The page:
Aside from the social policies mentioned in the book, it was interesting for me to read about how this family’s experience with foster care evolved.  I won’t tell you how the book ends, you’ll have to read that yourself, but I do highly recommend it.  And speaking of recommended reading, I urge you to read these posts on racism by an adoptive mother (and social worker) whose two sons happen to be black.
Any thoughts from those of you with backgrounds in transracial adoption or fostering?  What is something you wish people knew or that you’ve learned from your experiences?     

Friday, October 26, 2012

Co-Parenting Book

I googled the term co-parenting and was surprised to come across an e-book, Another Mother: Co-Parenting with the Foster Care System by Sarah Gerstenzang.  It immediately interested me not only because it was about foster parenting, but because the author was a social worker in graduate school at the time she and her family decided to foster.

I already pulled a few pertinent quotes from the book in this post, but now that I’ve read the whole thing I’d love to share some of the things I read which really resonated with me-  (which I’ve CATEGORIZED for easy reference and bolded the parts which I could relate to.)
During Gerstenzang’s  last year of graduate school she interned with a prevention program in New York City intended to help parents whose children were at risk of entering foster care through parenting classes and counseling and drug and alcohol rehabilitation, among other services.
“When reading files and meeting clients, I was overwhelmed by their stories, which almost always included poverty, little education, few family or social supports (or at least not positive ones) and often a history of being sexually assaulted.”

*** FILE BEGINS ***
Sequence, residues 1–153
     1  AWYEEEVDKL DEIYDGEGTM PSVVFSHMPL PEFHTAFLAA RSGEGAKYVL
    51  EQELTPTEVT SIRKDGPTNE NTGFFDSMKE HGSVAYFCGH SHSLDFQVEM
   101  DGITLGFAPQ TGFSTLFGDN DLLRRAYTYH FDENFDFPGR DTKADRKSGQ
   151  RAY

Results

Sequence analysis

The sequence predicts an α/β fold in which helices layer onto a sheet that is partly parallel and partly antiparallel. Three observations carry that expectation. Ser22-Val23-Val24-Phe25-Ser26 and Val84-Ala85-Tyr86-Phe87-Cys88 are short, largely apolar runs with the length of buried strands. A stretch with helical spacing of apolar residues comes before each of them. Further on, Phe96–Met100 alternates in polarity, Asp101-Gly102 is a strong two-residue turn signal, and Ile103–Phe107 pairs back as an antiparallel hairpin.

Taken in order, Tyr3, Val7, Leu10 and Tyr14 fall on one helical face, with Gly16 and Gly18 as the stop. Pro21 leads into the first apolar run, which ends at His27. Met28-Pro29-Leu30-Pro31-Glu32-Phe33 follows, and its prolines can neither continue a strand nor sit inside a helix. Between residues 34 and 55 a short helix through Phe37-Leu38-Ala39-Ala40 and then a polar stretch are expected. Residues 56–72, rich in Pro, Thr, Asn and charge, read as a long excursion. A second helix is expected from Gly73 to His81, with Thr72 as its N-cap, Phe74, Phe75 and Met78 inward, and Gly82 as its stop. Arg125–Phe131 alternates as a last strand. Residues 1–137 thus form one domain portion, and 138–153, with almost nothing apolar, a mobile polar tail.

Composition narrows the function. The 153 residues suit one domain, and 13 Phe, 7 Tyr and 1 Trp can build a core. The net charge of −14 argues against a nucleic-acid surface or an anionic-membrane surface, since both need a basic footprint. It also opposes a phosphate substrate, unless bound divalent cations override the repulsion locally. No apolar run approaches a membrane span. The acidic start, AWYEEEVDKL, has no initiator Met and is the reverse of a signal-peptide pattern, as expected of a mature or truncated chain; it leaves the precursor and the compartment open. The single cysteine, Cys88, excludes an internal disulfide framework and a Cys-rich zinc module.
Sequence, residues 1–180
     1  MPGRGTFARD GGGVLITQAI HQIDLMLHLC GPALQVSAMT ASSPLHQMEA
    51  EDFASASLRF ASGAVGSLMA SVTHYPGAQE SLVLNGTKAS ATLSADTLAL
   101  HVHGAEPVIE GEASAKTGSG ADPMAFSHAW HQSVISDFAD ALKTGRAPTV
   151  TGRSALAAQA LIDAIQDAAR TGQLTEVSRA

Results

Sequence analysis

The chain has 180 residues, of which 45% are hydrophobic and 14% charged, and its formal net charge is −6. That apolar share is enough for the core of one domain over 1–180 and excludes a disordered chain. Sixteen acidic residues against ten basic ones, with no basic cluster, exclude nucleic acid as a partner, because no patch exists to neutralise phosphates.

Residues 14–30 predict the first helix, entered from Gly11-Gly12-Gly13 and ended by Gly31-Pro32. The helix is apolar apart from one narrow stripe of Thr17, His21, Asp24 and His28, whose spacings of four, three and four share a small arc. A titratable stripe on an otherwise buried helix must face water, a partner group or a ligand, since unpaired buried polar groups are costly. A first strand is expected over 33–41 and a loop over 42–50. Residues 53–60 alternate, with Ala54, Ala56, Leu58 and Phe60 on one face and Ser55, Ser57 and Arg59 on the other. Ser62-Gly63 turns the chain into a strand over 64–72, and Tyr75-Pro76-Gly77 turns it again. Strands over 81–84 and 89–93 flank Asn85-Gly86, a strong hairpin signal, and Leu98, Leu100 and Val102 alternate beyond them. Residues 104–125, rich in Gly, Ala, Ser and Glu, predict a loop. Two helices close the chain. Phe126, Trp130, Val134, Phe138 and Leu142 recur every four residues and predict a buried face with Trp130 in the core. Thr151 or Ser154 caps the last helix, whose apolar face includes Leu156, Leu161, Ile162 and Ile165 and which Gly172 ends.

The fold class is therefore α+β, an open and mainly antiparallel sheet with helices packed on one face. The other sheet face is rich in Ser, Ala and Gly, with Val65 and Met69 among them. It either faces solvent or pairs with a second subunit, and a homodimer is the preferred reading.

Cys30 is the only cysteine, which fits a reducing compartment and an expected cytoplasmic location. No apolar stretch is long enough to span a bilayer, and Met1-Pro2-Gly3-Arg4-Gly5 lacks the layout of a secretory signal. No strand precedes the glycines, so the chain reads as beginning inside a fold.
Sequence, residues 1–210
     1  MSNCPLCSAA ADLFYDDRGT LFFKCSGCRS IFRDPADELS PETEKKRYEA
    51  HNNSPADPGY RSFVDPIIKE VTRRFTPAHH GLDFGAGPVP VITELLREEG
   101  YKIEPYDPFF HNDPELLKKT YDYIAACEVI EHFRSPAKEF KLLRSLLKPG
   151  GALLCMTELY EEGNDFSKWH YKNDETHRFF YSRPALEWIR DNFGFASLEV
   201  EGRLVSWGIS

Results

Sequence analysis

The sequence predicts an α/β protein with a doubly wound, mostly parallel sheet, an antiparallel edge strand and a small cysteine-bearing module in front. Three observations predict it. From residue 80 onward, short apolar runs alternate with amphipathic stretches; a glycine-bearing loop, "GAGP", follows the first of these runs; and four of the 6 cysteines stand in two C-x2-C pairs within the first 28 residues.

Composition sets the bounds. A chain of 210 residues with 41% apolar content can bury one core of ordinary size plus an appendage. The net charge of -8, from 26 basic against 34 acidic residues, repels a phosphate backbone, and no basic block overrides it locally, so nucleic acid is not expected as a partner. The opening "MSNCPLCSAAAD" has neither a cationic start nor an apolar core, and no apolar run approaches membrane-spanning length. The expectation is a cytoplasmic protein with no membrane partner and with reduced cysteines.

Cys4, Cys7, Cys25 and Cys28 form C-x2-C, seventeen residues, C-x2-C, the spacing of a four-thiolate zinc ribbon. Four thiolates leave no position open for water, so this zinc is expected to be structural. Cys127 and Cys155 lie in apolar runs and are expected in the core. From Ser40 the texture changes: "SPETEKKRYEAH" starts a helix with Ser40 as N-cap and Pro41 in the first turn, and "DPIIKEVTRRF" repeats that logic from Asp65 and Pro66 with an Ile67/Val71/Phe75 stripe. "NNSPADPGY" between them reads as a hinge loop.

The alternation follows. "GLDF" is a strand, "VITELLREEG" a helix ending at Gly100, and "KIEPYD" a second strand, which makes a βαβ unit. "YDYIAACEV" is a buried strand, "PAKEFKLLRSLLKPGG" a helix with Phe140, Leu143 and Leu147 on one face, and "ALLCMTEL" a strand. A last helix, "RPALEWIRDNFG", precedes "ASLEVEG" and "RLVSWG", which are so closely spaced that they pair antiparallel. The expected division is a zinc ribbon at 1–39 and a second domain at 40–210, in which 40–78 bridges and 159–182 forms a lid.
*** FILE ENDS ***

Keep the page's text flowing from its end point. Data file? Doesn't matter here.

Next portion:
Shortly after she finished the internship and after becoming licensed, she and her husband asked to be put on the list to provide foster care.  At the time they had two young children, a boy and girl, ages six and eight.  She described her mixed feelings like this
While excited about our new venture, I also felt somewhat predatory waiting for another parent to stumble so that we could pick up the pieces.  I felt that I knew too much.   These birth parents weren’t evil monsters- (or most of them anyway) they were unlucky people who had difficult lives.  I also knew that children almost always want to be with the parents they know, regardless of how they are treated.  I wrestled with my ambivalence.  What is really best for these children?  How bad do parents have to be to justify taking their children away? 
Gerstenzang further wrote about how social class and culture affect those involved in foster care, by first comparing the demographics stated by an Australian social worker with similar demographics in the U.S.:
“Brenda Smith, an Australian social worker has written that in her country ‘the majority of foster children come from the most socially disadvantaged and stigmatized families, particularly those headed by mothers, and are mostly cared for by upper-working class foster mothers and supervised by middle-class welfare workers.’